Poster Session P5R.10 Forward and Backscattering Measurements of Rainfall over a path at the GPM Frequencies

Tuesday, 25 October 2005
Alvarado F and Atria (Hotel Albuquerque at Old Town)
Rafael Rincon, NASA/GSFC, Greenbelt, MD; and R. Meneghini and R. Lang

Handout (74.2 kB)

This paper will describe the theoretical basis and conceptual design for a dual-frequency microwave measuring system capable of forward and backscatter measurements at the Global Precipitation Mission (GPM) frequencies of 13.6 GHz and 35.5 GHz. The forward and backscattering measurements will provide rain profile estimates over a 2.3 km path permitting a detailed study of the rainfall process. The measurements will be used in conjunction with a ground-based network of disdrometers and rain gauges located under the propagation path, creating a tightly controlled environment for the research of spaceborne and ground-based radar rainfall retrieval. The new concept is expected to improve rainfall estimation and validation significantly and help form the foundation of a new generation of rainfall validation instruments.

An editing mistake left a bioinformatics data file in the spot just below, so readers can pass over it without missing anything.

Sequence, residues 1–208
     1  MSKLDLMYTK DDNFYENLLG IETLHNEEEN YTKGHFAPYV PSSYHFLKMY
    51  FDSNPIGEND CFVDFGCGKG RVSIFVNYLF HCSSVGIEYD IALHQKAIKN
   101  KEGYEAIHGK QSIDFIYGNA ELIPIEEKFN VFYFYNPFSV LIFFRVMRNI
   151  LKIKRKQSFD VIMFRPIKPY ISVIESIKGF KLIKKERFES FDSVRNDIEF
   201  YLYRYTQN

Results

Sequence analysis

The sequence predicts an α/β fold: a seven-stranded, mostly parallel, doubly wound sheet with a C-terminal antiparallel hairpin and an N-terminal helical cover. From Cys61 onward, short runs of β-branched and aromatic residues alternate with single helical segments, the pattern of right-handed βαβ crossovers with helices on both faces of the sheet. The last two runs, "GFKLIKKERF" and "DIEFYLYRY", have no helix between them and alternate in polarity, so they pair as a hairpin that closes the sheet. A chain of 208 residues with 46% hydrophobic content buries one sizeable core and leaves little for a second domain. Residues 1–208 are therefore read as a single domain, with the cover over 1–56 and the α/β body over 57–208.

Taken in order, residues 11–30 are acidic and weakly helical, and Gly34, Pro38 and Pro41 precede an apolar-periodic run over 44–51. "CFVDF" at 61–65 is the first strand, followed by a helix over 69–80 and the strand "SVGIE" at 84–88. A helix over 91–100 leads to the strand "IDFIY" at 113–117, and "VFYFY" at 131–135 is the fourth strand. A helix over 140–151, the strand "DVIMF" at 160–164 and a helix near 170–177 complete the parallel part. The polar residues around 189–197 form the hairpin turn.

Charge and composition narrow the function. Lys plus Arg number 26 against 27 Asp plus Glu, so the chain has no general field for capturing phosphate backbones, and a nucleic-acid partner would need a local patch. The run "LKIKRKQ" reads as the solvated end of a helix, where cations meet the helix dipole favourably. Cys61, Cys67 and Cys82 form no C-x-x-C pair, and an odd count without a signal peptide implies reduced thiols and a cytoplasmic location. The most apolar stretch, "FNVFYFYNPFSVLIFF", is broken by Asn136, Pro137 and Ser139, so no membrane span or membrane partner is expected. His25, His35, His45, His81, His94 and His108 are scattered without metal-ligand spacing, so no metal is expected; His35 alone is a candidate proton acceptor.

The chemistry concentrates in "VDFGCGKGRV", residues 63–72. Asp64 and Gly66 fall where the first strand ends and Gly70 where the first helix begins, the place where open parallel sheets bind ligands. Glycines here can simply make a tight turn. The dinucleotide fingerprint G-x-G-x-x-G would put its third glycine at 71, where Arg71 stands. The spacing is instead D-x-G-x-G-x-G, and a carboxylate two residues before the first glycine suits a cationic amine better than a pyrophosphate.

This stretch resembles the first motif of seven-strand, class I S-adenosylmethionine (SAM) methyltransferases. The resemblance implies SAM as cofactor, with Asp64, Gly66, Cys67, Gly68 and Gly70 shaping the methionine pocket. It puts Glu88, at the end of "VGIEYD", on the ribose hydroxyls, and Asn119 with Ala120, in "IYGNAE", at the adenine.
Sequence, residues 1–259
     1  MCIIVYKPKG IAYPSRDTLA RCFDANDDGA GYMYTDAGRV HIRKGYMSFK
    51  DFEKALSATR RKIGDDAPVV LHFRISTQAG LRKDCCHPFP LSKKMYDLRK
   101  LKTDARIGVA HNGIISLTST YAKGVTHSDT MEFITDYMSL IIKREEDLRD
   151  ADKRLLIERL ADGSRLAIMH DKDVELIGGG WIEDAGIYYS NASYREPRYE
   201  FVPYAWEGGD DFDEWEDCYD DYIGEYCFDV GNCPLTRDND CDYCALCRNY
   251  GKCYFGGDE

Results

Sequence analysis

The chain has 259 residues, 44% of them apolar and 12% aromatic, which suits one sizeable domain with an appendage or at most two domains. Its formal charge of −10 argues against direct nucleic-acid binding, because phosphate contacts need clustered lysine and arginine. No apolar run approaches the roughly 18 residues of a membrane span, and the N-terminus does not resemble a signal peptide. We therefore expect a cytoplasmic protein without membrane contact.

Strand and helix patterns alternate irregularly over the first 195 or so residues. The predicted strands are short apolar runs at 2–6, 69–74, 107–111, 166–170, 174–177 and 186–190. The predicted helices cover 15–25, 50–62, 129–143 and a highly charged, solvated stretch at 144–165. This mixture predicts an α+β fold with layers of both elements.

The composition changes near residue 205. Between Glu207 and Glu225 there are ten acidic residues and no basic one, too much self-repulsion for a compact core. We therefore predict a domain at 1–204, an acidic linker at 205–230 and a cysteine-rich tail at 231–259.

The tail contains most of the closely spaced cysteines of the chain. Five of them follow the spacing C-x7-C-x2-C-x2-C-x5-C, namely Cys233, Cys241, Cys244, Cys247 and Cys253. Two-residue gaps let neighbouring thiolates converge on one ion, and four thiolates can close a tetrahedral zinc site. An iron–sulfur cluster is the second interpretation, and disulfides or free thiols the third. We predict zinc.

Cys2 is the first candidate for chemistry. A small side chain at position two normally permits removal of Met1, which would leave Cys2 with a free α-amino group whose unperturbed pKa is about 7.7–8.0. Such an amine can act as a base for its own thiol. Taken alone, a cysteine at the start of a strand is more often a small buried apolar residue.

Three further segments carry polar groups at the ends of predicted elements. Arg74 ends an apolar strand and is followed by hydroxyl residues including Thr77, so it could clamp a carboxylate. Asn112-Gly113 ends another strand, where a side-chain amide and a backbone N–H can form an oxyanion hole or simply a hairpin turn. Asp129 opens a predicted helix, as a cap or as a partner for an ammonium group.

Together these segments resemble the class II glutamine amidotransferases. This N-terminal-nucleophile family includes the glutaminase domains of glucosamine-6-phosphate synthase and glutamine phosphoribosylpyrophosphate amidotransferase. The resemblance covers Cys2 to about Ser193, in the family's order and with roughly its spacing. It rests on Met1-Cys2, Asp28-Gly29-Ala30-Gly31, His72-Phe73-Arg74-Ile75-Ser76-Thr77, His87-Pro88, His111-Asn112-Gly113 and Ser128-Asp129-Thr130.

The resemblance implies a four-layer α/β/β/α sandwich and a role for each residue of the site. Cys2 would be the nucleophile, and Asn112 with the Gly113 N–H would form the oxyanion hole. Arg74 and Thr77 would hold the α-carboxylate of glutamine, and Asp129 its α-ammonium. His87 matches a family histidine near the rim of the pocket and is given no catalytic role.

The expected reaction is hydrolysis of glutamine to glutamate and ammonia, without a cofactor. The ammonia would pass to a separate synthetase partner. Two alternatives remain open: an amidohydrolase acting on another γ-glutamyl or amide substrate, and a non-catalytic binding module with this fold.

The forward and backscattering measuring system will enable small-scale rain studies essential in understanding the rainfall process, and make significant contributions to 1) the investigation of radar inversion algorithms for the estimation of precipitation parameters that include liquid water content, median mass diameter, number concentration, and rainfall rate, 2) the testing and validation of established radar retrieval algorithms such as those used by TRMM single-frequency radar and those proposed for GPM dual-frequency radar, and 3) the validation of GPM overflight rainfall estimates.

The system will be able to measure forward and backscatter signals using a combination of radar and a microwave Link techniques. The radar will use Frequency Modulated Continuous Wave (FMCW) to measure backscatter power. The microwave Link will use the radar as the transmitter and a coherent receiver phase-locked to the radar's local oscillator to measure the path-average attenuation and frequency differential phase-shift.

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